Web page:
Your suggestion is certainly possible and did cross my mind, but Mike was never involved in any of the controversies to my knowledge. I certainly agree that whoever created the FOIA.zip had intimate knowledge of the issues.

    Hacking laws rely upon proving the guilty party knew that they were accessing a private system with the intention of obtaining data and not upon the means that were used.

  72. [...] Thoughts from a Computer Climate Guy « the Air Vent [...]

  73. Eric said

    I think it was the NSA of the USA taking matters into their hands after the last FOI request was denied. Climate change is that last thing that Obama wants to deal with now that he is actually president is confronted by real problems… but he made so many promises!

  74. MikeN said

    Eric isn’t it more likely to be Russians, now that their carbon emissions are higher and they have less opportunity to profit?

  75. Bruce the Canuck said

    This is all wild speculation re the origin. Re Gavin, he seems like your normal geeky sciences academic. You might disagree with him, you may argue he’s over-committed to one point of view, and he probably shouldn’t be posting during working hours, but I think the most sane readers know better than to claim he’s dishonest.

    Re posting during working hours – firstly: Cm’on guys, let he who hath not sinned cast the first stone there. Second, a scientist funded by grants working 100 hour weeks as is clearly Gavin’s lot, well I know a few, and working hours in many cases are from 4pm to 5am or a random 24/7 scatter. The lawsuit is pure harassment, to prevent him from responding to the allegations. Let’s all admit that the technique of harassing an opponent to stop them from debating is common to both left and right wing activists. The lawsuit makes your side look weak, not strong.

    This whole thing could easily result in blowback in the longer term. It could go either way, and the smarter activists on both sides know it. The content released so far isn’t as bad as you hoped, admit it. If it doesn’t get any “better”, what then?

    The end result will be a vicious campaign against working scientists that set its sights too broadly, a SLAP lawsuit, accusations that only play to the the choir on your side. You will have merely *proven* to journalists at large that after taking away the curtain, there was no conspiracy, only academics being academics, behaving in ways no grad student would blink an eye at. Yet their system, flawed as it is, has given us hundreds of years of incredible scientific progress.

    By the way, the “Harry” file? I’ve seen code running in US military hardware that was worse despite peer review. The real world of coding is not pristine; his work-in-progress bitching seems fairly normal (mostly just funny). Really it just speaks to the CRU group being underfunded and undermanaged.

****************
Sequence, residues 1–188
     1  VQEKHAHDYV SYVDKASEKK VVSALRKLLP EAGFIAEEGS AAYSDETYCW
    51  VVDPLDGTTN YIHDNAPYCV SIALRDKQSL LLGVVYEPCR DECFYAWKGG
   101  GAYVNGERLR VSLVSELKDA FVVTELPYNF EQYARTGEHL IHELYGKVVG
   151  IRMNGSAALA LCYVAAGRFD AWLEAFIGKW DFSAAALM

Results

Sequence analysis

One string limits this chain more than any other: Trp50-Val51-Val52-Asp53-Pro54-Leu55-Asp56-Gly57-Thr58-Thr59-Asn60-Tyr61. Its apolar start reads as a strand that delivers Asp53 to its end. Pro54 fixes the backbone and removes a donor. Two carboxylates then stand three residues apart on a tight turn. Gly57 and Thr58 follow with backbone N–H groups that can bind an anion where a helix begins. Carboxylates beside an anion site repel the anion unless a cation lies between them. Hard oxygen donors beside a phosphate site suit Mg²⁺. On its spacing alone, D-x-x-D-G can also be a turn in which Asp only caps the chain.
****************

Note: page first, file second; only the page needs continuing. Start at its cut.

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  77. Wutt said

    Many people have been trying very hard all over the internet to minimize the significance of the Climategate emails. All kinds of reasoning are being used but, one tactic in particular of the “CRU fraud” deniers is:
    “there are overzealous activists/passionate people on both sides, the science has been around for a long time, just because these guys at CRU fabricated date doesn’t mean anything”.
    It most definitely is about one side (the Climategate conspirators) fabricating data, intimidating dissenters, subverting FOI requests, destruction/disposal of documents/evidence. Whether somewhere in the past “the other side” did the same, doesn’t minimize the crimes and deception being perpetrated here. Also science is not like wine or cheese. The science was fabricated then and it still is now! It doesn’t stop being a fabrication with age.

    At 54. Getting Hot in Here,
    There absolutely is indication of “law breaking”. In response to FOI requests, members of CRU contacted and dealt with employees/agents of FOI dept. and those requests were dismissed. Phil Jones, in an email to four other conspirators, told them to delete certain emails (illegal).
    And this just in today:http://www.timesonline.co.uk/tol/news/environment/article6936328.ece
    The destroyed evidence, excuse me “lost” the evidence. (it’s illegal to destroy evidence/documents).
    There is definitely a crime to be investigated at CRU.

  78. [...] East Anglia, which is now at the center of a storm over thousands of e-mail messages and documents either liberated or stolen from its servers (depending on who is describing the episode). [UPDATED 11:45 a.m. with a couple [...]

  79. mitchell porter said

    Latest from Gavin Schmidt on how the emails were obtained: “My information is that it was a hack into their backup mailserver.” More at comments 52, 63, 84. That doesn’t explain where everything in the ‘documents’ directory came from, however.

  80. [...] in case anyone missed this: our friendly climate inactivists Steve McIntyre and Jeff Id are saying that the CRU cyber-attacker’s comments on their blogs came from the IP addresses [...]

  81. [...] in case anyone missed this: our friendly climate inactivists Steve McIntyre and Jeff Id are saying that the CRU cyber-attacker’s comments on their blogs came from the IP addresses [...]